Voters showed confidence in Republican state Sen. Clark Jolley by giving him a lion’s share victory in the Republican primary election Tuesday against his opponent, Paul Blair.
Voters went to the state Senate District 41 ballot after weeks of combative campaign rhetoric pitting Republican against Republican in the heart of a red conservative district.
Jolley, of Edmond, will face Independent Richard Prawdzienski, 64, also of Edmond, in the Nov. 6 general election.
Jolley received 4,379 votes, or 56.60 percent of the count with all 29 precincts counted, according to the Oklahoma State Election Board. Blair received 3,358 votes, or 43.40 percent of the ballot.
“I appreciate the confidence and support of the majority of Edmond Republicans who decided to cast their ballot for me today,” said Jolley, 41, chairman of the powerful Senate Appropriations Committee.
“It’s an honor to be able to serve them in the state Senate and I appreciate their confidence for another four years,” said Jolley, an attorney.
Jolley was elected to the Senate in 2004 and 2008. Term limits would end his ability to run for Senate again if he wins re-election in November.
Blair filed a lawsuit last week in Oklahoma City District Court against Jolley, the Coalition for Oklahoma’s Future Inc., and members of the political action committee.
The lawsuit states the defendants, “persisted in the publication of radio/television advertisements (hereinafter ads), designed with malice and presented with reckless disregard for the truth so that a reasonable person would not understand the truth of the matter after being exposed to the ad.”
“As we move to November, it’s my hope that we will unite with the support of my opponent,” Jolley said. “We will unite to make sure Oklahoma keeps going in the right direction.”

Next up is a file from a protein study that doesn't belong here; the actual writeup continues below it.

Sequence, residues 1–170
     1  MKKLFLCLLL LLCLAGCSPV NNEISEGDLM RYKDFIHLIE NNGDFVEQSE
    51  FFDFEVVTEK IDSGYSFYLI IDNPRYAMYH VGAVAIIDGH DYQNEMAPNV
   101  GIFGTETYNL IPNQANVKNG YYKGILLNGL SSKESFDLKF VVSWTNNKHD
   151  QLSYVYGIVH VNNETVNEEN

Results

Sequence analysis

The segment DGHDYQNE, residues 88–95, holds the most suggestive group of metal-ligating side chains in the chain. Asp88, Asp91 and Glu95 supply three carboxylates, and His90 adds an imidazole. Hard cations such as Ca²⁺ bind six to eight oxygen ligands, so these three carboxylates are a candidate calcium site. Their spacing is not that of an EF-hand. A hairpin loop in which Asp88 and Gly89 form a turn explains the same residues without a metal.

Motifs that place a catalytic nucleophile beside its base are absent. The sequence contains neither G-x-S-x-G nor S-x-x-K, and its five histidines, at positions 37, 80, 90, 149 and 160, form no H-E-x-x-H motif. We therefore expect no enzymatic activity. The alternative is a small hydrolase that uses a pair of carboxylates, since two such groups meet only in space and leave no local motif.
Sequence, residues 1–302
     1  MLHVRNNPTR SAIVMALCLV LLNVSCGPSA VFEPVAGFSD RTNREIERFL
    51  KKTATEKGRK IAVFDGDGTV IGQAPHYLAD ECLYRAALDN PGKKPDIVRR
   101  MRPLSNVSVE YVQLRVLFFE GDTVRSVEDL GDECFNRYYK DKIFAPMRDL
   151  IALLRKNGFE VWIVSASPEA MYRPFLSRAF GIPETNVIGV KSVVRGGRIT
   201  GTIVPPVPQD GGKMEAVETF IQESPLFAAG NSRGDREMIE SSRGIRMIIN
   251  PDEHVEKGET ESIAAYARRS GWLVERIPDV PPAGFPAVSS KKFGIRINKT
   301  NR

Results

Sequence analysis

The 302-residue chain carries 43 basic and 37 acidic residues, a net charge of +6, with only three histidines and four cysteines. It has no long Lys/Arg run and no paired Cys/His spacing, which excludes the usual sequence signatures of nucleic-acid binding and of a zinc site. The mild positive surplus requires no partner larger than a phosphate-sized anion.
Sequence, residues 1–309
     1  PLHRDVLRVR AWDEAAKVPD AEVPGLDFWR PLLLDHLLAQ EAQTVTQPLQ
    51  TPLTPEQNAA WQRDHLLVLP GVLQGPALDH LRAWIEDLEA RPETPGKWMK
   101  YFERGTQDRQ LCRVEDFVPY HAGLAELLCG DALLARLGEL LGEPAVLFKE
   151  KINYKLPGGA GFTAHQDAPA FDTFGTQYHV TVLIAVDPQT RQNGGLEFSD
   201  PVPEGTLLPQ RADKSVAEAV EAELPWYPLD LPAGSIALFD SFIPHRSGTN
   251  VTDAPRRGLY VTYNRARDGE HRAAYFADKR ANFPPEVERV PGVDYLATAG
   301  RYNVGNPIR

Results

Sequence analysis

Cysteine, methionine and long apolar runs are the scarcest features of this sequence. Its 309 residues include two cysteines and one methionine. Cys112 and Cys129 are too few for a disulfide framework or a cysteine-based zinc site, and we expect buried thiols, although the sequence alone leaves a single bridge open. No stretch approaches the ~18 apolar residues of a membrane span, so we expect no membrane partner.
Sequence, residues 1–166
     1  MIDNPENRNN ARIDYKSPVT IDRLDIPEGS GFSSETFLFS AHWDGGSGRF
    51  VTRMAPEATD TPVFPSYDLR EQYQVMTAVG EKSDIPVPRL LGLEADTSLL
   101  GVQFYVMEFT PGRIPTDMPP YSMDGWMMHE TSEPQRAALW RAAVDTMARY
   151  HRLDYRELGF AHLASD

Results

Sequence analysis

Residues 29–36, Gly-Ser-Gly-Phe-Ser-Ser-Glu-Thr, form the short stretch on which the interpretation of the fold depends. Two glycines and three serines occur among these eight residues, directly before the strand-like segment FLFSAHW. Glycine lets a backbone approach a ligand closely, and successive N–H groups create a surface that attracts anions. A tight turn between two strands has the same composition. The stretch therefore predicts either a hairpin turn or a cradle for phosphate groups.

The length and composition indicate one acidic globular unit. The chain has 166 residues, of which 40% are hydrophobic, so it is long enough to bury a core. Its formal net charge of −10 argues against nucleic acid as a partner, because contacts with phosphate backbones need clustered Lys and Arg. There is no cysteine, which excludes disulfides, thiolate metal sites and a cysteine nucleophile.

Blair, 49, had campaigned as a constitutional conservative who would limit the size of government and protect conservative family values. The Edmond businessman and pastor emphasized that the role of government is to provide for life, liberty and property.
“I thank my supporters very much,” Blair said. “We ran a great campaign and they just did a yeomen’s effort in working every Saturday. I just couldn’t be any more proud of them than I am.”
In the end, Jolley’s message of responsible conservative leadership resonated with voters. Modernizing the state’s transportation infrastructure is an economic incentive for business growth, he said.
His campaign focused on tax reform, creating a pro-business environment, job creation and quality education to produce a vibrant work force.
“Being pro business means that you are willing to create an environment in which business is able to flourish,” Jolley said.
The National Federation of Independent Businesses recently gave Jolley a 100 percent ranking based on his voting record.
firstname.lastname@example.org | 341-2121, ext. 114